5 Laws Of Speech by Which Our Conversations Should be Governed.

Let no corrupting talk come out of your mouths, but only such as is good for building up, as fits the occasion, that it may give grace to those who hear. – Ephesians 4:29

I remember hearing a sermon read, in which the laws of speech were thus laid down, by which our conversation should be governed.

1. “The law of prudence.—This condemns idleness and folly; for no one has a right to talk nonsense. It condemns, also, all that is impertinent and unsuited to the place, the company, and the season. ‘A wise man’s heart discerns both time and judgment.’ ‘A word fitly spoken, O how good is it! It is like apples of gold in pictures of silver.’ All ‘foolish talking and jesting’ are forbidden by the apostle, while he enjoins, ‘Let your speech be always with grace, seasoned with salt, that you may know how to answer every man.’

2. “The law of purity.—This forbids all ribaldry, and not only everything that is grossly offensive, but all indecent allusions and insinuations, however artfully veiled: ‘but fornication and all uncleanness, let it not be once named among you, as becomes saints.’

3. “The law of veracity.—This condemns everything spoken with a view to deceive, or spoken so as to occasion deception, which may be done by a confusion of circumstances; by an omission of circumstances; by an addition of circumstances. ‘Therefore, putting away lying, speak every man truth with his neighbor; for we are members one of another.’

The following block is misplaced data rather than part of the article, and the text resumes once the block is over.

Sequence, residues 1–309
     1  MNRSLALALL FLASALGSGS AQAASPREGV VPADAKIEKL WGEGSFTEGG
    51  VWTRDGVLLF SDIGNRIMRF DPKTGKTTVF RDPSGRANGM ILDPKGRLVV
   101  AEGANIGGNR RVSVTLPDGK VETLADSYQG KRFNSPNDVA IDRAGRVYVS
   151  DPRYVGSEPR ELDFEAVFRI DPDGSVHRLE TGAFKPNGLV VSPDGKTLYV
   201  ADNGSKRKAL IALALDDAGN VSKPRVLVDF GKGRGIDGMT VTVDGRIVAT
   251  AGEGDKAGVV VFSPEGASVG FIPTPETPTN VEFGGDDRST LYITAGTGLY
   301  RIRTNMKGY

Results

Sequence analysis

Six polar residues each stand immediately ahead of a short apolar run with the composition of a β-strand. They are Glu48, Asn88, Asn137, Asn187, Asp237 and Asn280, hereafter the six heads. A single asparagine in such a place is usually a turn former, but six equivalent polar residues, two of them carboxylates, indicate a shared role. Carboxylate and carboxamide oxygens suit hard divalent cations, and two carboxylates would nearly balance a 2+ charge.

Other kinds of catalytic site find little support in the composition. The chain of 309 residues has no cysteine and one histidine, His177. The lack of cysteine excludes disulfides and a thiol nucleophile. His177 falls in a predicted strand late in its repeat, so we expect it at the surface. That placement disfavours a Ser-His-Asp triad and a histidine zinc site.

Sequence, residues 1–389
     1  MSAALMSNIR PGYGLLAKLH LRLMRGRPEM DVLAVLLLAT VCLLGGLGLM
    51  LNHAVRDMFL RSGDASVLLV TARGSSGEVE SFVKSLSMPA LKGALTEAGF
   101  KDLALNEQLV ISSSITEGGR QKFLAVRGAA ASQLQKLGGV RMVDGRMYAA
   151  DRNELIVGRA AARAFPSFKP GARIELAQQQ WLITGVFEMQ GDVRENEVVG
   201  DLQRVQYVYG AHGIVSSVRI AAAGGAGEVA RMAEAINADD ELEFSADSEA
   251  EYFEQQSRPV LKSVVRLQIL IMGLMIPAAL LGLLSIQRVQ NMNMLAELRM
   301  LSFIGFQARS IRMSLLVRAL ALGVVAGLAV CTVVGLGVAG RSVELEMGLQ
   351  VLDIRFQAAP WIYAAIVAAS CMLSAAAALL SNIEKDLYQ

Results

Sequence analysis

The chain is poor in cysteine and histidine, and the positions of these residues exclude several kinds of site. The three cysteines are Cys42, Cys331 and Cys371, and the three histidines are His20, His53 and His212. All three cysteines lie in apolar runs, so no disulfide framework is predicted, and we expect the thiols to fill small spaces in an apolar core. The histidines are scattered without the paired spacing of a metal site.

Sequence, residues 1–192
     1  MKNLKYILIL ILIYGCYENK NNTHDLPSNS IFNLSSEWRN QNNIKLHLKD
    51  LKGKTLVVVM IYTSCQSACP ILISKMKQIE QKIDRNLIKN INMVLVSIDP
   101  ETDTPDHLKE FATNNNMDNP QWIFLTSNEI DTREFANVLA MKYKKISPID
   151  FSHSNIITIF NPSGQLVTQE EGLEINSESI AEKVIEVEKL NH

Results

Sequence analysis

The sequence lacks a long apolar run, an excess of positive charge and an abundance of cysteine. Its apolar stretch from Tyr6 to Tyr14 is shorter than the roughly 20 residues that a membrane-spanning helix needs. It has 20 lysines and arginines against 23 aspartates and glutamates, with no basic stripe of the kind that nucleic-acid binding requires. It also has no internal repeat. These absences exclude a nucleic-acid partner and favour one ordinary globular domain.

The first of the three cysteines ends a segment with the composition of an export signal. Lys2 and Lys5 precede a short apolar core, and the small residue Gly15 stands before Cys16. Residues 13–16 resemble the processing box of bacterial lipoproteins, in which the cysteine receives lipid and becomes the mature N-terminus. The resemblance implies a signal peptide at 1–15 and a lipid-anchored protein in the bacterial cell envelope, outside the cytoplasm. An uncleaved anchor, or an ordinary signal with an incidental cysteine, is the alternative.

4. “The law of kindness.—This condemns all calumny and tale-bearing, the circulation of whatever may be injurious to the reputation of another. This requires that, if you must speak another’s faults, you do it without aggravation; and that you do it, not with pleasure, but with pain; and that, if you censure, you do it as a judge would pass sentence on his son. ‘Let all bitterness, and wrath, and anger, and clamor, and evil speaking, be put away from you, with all malice.’

5. “The law of utility.—This requires that we should not scandalize another by anything in our speech; but contribute to his benefit by rendering our discourse instructive, or reproving, or consolatory. Let no corrupt communication proceed out of your mouth, but that which is good, to the use of edifying, that it may minister grace to the hearers.’

6. “The law of piety.—This requires that we should never take God’s name in vain, never speak lightly of his word or worship, never charge him foolishly, never murmur under any of his dispensations. It requires that we extol his perfections and recommend his service.”

William Jay, Sermons